Students bond, win awards at national high school journalism convention

Alan Ruiz

Striding through the glass doors of the Westin Bonaventure Hotel in Downtown Los Angeles, we laid our eyes on a lobby that bustled with teenage journalists from across the country. The time had finally come for the 14 student journalists representing Daniel Pearl Magnet High School (DPMHS) to attend the Spring 2022 National High School Journalism Convention (NHSJC).

On April 7, the annual convention hosted by the Journalism Education Association (JEA) and the National Scholastic Press Association (NSPA) returned to Los Angeles for the first in-person convention since the spring of 2020. A total of 2,100 student journalists and their advisers attended the convention in hopes of honing their journalism skills and performing well during the student media competitions. DPMHS collectively earned the First Amendment Press Freedom Award and The Pearl Post came in as a finalist for the Online Pacemaker Award. Both awards were presented during Thursday night’s Opening Ceremony. 

Attending this convention was significant to me because I learned both practical writing and photography tips that I will apply to my work as a first-year staff writer and future editor for The Pearl Post. 

That evening, keynote speaker Hilde Lysiak encouraged everyone in attendance to take advantage of the press freedom rights provided by the First Amendment to responsibly inform the public with fact-based news. Lysiak, who is a sophomore in high school, began her journalism career at age nine and has already received local and national recognition for her journalism coverage. In 2020, Apple TV+ released the drama series “Home Before Dark” that reenacts the beginnings of Lysiak’s journalism journey. After hearing Lysiak express her love for journalism through her keynote speech, my resolve has been strengthened to pursue my passion for journalism regardless of my age. 

Over the next two days, I attended sessions such as one about sports photography called “Stand here, use this lens, get better photos” and two writing skills workshops  called “Harness the power of words” and “Writing tips you’ll use every day.”

One of the all-day sessions I attended was called “Writer’s Workshop” hosted by Pete LeBlanc, the journalism adviser at Antelope High School in Antelope, California. In this workshop, we practiced writing techniques and shared our work with the class. For one of the activities, we practiced interviewing by initiating a conversation with a student we had never met before. This helped me to break out of my comfort zone and connect with two students from northern California who share my passion for journalism.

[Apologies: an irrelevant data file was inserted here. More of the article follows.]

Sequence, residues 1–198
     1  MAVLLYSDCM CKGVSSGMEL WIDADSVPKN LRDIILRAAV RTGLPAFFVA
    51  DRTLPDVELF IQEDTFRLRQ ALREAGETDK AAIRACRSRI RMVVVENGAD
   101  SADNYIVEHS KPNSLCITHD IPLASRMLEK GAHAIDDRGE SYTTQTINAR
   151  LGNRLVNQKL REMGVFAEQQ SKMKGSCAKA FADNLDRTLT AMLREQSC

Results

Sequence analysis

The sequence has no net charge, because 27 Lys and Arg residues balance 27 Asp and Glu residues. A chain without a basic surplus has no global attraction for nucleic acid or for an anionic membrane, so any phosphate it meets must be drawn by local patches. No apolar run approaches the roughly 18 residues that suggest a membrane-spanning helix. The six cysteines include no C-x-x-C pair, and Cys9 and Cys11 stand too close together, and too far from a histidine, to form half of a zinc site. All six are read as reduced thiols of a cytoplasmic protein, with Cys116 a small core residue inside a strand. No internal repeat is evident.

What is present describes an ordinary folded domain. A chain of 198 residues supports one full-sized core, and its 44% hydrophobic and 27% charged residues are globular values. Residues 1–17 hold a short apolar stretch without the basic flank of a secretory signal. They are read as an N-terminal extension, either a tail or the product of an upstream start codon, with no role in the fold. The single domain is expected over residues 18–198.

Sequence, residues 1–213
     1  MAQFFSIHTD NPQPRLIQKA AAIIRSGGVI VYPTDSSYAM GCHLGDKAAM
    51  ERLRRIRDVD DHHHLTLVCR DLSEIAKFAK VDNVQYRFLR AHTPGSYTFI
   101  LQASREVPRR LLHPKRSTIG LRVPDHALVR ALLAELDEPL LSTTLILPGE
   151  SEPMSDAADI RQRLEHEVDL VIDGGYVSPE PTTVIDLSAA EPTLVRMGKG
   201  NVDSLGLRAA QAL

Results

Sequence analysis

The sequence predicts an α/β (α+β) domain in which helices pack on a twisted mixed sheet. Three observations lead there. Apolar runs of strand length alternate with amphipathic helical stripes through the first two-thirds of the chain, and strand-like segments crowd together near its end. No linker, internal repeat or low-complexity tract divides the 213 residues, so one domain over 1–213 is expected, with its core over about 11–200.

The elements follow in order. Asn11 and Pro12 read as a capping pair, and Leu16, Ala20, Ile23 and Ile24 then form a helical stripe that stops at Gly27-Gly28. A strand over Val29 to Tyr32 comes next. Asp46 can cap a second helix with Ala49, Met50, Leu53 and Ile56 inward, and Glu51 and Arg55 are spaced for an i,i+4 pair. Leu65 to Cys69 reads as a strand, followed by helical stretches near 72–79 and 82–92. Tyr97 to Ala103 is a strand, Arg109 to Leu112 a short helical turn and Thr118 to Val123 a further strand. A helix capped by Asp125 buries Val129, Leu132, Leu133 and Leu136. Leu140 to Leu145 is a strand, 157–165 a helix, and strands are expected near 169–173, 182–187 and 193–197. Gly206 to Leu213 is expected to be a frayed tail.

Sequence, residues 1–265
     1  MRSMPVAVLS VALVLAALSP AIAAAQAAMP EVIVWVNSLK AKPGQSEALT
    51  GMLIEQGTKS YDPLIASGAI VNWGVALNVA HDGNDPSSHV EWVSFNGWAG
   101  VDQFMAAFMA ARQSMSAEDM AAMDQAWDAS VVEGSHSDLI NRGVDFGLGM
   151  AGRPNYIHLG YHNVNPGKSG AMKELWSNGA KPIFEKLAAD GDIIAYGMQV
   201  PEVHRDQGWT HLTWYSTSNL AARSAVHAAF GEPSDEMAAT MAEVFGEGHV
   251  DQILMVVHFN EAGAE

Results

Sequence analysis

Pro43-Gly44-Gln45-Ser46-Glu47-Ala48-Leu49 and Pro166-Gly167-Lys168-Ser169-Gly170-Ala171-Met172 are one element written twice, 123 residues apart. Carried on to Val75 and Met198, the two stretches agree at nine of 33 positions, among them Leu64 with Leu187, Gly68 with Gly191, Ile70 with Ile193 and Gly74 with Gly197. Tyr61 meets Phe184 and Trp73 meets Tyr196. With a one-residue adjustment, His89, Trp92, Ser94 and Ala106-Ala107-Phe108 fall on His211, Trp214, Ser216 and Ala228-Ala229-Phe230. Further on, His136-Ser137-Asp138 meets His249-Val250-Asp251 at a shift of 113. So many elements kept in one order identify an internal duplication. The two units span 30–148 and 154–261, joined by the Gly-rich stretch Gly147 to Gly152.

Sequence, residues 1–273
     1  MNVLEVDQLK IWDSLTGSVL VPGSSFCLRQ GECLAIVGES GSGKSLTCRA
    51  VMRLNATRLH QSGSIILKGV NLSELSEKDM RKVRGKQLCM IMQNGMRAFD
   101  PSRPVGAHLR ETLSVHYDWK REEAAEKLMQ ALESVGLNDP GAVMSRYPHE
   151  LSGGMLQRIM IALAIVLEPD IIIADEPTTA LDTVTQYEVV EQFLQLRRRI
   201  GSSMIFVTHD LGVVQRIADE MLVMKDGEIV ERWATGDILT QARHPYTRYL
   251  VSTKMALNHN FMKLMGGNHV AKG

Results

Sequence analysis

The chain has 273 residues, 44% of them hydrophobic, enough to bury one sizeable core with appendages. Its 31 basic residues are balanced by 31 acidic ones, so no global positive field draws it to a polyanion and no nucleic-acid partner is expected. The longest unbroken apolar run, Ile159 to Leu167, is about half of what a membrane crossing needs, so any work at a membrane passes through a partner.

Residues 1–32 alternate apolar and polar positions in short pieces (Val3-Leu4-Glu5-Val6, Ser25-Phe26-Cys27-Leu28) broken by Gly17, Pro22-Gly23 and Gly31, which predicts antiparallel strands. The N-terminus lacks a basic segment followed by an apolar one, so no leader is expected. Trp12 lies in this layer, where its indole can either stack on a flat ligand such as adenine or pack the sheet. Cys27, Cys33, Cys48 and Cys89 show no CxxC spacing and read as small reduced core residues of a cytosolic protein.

However, the main event of the convention took place on Friday: the student media competitions. Student journalists who placed in the competition were ranked by three levels, which started at Honorable Mention and increased to Excellent and Superior. 

As a staff, The Pearl Post performed very well. Honorable Mention awards were awarded to Yearbook Editor Naamah Silcott, who competed in Yearbook Copy/Caption Sports, and Staff Writer Emily Short, who competed in First-Year Photo. Staff Writer and Video Editor Nickalas Lembo earned an Excellent award in Video Package Editing. Managing Editor Gabrielle Lashley, who competed in Editorial Cartoon, and Online Editor-in-Chief Delilah Brumer, who competed in Commentary Writing, also brought home Excellent awards. I also earned an Excellent award for my Sports Writing entry.

“This was not a small convention,” Short said. “This was national, so even getting an honorable mention was great because I have to think of the many people who entered that competition.”

Besides the many journalistic experiences we enjoyed during the convention, an unmistakable highlight was all the moments we spent bonding as a staff. It was the scrambling to look up a suitable place to eat lunch. It was the late evening chats that smelled of microwave butter popcorn. 

“There were times when the girls and I would meet in my room and just talk,” Newsmagazine Editor-in-Chief Valeria Luquin said. “Sometimes, we’d meet up for lunch, just little moments throughout the trip that brought us closer. Having that aspect on staff, it makes it easier to bond with everyone and be on the same page, so I think that will help us a lot when we go back to the newsroom.”

Now that we have returned from the convention, I feel very privileged to have been able to attend because it taught me both how to write compelling stories and how to forge lasting memories with my fellow staff members.